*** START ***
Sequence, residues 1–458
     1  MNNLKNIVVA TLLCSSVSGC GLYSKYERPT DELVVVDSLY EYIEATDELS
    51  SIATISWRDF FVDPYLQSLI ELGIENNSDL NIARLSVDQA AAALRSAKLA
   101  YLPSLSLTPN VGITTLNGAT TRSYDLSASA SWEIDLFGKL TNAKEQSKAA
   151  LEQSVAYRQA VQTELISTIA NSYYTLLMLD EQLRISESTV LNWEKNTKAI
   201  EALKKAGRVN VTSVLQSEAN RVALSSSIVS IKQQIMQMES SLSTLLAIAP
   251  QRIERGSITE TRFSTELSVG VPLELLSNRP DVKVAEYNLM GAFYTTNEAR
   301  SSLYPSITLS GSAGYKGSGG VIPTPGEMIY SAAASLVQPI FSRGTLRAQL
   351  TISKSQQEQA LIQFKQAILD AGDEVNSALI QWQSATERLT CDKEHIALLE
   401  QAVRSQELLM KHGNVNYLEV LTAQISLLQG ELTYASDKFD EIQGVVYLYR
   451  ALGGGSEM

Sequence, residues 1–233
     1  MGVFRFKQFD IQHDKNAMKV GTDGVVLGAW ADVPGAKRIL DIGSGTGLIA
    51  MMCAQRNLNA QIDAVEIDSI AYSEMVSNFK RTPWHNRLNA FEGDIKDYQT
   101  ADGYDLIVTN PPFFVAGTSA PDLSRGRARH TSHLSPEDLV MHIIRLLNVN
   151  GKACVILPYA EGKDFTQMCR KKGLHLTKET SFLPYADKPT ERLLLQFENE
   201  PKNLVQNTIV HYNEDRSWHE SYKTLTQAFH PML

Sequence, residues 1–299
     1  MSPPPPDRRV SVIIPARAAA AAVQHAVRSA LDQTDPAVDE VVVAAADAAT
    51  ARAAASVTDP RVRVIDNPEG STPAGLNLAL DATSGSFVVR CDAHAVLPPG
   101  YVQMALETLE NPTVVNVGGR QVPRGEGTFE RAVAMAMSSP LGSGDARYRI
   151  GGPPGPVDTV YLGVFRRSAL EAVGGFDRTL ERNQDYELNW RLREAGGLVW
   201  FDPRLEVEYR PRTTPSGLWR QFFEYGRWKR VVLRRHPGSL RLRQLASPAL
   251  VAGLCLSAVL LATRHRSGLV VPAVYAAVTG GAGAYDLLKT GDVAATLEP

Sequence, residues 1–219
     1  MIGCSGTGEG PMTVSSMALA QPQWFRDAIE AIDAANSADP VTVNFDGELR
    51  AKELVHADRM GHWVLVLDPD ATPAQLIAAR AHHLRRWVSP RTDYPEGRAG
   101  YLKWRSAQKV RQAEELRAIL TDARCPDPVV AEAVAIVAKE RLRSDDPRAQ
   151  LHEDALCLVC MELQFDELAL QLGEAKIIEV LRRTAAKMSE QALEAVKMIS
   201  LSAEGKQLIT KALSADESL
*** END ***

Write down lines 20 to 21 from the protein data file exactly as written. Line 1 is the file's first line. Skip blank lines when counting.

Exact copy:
    51  ARAAASVTDP RVRVIDNPEG STPAGLNLAL DATSGSFVVR CDAHAVLPPG
   101  YVQMALETLE NPTVVNVGGR QVPRGEGTFE RAVAMAMSSP LGSGDARYRI